Hiroko Okata was a shodo artist and founder of the Montreal School of Japanese Calligraphy. Born in Yamaguchi prefecture in Japan, Okata studied calligraphy as a child, but became serious about the art only after she graduated from university with a psychology degree, and the death of her mother. She studied at the school run by the shodo master Chiseki Kimura while working as an executive secretary to a member of the Japanese Diet. Through her job, she met her future husband, Harry Okata, and she left Japan to marry him and live with him in his native Canada. Before leaving Japan, her calligraphy master shared his dream with her of spreading the art of calligraphy around the world, and this became Okata’s mission when she arrived in Montreal.
She founded her own Japanese Calligraphy School in 1980. It was not long before Okata was organizing exhibitions to show her students’ work, and arranging for them to receive official certification for calligraphy techniques from Japan, a process through which she continued to support students for decades. She also participated in and helped to organize international calligraphy conferences and competitions in Los Angeles and Tokyo. Her own work can be found in titles for films, books, and magazines, as well as in the Montreal Botanical Garden and the Montreal Museum of Fine Arts.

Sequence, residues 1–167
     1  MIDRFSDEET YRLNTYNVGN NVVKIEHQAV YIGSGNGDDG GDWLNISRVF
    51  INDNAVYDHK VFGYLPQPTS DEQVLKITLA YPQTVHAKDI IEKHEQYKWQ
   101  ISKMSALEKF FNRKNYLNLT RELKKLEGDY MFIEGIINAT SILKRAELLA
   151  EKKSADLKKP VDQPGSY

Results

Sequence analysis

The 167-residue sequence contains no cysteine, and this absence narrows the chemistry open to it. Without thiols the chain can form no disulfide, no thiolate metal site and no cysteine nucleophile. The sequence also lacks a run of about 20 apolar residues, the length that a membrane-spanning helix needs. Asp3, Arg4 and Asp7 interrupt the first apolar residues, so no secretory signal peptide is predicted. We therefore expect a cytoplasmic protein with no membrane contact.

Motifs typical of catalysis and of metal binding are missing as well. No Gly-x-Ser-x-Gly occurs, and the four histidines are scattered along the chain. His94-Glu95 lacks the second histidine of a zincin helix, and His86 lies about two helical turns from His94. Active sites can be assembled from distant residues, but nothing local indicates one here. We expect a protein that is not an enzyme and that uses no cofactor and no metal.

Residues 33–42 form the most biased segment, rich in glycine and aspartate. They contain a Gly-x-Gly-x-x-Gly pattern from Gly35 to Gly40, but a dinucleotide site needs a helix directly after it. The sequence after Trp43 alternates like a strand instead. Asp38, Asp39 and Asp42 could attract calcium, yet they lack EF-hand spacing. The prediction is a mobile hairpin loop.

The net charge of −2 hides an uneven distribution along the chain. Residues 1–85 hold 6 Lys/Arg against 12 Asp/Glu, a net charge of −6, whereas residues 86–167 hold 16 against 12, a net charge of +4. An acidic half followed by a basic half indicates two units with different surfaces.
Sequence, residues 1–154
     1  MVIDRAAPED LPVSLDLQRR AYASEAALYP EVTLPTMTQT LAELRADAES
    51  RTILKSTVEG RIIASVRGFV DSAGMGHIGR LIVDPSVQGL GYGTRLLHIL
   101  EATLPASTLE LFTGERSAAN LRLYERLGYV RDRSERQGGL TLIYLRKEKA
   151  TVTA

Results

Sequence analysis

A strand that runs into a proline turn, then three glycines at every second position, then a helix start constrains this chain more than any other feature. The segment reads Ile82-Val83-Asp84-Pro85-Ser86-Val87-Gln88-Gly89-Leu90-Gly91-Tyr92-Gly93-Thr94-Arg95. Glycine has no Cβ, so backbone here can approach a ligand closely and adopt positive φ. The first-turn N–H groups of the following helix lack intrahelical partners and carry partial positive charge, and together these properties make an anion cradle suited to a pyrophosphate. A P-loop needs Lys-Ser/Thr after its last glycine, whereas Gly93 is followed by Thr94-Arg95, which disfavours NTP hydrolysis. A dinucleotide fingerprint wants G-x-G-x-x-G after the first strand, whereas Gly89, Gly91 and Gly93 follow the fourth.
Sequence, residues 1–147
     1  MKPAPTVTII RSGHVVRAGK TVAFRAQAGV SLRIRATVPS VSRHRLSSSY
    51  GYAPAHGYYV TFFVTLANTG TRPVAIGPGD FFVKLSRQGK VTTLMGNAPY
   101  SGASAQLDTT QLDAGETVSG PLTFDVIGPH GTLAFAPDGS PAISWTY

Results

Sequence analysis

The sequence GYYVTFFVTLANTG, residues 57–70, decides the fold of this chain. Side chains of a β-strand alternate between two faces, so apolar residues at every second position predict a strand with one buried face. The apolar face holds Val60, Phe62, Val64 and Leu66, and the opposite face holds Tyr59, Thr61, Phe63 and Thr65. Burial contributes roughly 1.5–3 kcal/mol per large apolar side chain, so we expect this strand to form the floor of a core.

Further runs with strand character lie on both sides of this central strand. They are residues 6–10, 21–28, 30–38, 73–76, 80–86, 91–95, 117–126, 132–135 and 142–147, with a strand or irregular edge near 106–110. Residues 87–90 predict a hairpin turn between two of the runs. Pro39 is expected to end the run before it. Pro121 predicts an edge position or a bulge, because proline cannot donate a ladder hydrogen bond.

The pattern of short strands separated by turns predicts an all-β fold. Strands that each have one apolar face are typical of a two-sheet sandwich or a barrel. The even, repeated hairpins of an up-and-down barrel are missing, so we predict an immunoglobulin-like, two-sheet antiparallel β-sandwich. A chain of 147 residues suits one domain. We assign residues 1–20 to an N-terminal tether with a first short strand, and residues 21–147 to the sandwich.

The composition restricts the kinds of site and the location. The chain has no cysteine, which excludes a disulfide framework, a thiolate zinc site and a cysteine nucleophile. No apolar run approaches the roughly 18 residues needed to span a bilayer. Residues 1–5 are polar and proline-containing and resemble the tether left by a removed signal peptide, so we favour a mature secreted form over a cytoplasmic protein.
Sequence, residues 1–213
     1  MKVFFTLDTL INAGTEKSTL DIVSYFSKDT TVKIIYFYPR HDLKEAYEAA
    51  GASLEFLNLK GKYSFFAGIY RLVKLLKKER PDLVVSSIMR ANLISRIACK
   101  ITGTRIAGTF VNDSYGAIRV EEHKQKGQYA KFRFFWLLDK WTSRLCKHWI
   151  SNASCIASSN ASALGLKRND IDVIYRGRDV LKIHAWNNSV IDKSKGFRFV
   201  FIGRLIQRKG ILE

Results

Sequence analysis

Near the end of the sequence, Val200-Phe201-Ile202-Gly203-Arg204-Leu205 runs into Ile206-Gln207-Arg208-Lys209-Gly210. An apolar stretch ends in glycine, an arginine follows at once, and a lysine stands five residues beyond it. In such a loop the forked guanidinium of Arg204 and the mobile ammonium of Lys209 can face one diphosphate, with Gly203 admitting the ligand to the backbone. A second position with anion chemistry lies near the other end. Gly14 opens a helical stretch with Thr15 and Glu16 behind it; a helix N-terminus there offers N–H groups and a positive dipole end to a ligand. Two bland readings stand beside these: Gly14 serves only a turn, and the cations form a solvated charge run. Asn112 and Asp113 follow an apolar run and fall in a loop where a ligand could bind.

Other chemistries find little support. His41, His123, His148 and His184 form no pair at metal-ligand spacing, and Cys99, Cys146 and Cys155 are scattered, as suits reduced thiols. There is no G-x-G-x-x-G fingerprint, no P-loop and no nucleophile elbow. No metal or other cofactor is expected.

Okata believed that calligraphy is ‘a means of translating your metaphysical soul onto paper.’ She also said that the ‘intense cold’ and snow of Quebec winters provided important inspiration for her calligraphy: ‘winter puts me in the right frame of mind for my work: an immaculate spiritual blank slate, far removed from the day-to-day world. I feel reduced to ‘nothingness’ in the Zen sense; the only sound the rubbing of an inkstick.’